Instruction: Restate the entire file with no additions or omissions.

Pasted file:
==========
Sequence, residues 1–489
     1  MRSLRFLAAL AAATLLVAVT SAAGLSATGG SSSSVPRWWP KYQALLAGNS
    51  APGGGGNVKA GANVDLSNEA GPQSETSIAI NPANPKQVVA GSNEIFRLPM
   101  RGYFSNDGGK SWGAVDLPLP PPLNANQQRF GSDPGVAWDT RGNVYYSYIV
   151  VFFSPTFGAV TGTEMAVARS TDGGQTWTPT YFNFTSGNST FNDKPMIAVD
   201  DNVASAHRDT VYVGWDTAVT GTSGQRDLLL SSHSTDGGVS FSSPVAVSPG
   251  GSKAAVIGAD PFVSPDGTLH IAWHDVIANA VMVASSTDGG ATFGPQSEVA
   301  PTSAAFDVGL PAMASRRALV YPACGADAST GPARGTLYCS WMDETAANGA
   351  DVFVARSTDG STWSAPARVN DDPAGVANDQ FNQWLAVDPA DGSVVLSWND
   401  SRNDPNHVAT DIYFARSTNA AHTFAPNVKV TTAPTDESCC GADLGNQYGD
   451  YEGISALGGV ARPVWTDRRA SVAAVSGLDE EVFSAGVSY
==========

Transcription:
Sequence, residues 1–489
     1  MRSLRFLAAL AAATLLVAVT SAAGLSATGG SSSSVPRWWP KYQALLAGNS
    51  APGGGGNVKA GANVDLSNEA GPQSETSIAI NPANPKQVVA GSNEIFRLPM
   101  RGYFSNDGGK SWGAVDLPLP PPLNANQQRF GSDPGVAWDT RGNVYYSYIV
   151  VFFSPTFGAV TGTEMAVARS TDGGQTWTPT YFNFTSGNST FNDKPMIAVD
   201  DNVASAHRDT VYVGWDTAVT GTSGQRDLLL SSHSTDGGVS FSSPVAVSPG
   251  GSKAAVIGAD PFVSPDGTLH IAWHDVIANA VMVASSTDGG ATFGPQSEVA
   301  PTSAAFDVGL PAMASRRALV YPACGADAST GPARGTLYCS WMDETAANGA
   351  DVFVARSTDG STWSAPARVN DDPAGVANDQ FNQWLAVDPA DGSVVLSWND
   401  SRNDPNHVAT DIYFARSTNA AHTFAPNVKV TTAPTDESCC GADLGNQYGD
   451  YEGISALGGV ARPVWTDRRA SVAAVSGLDE EVFSAGVSY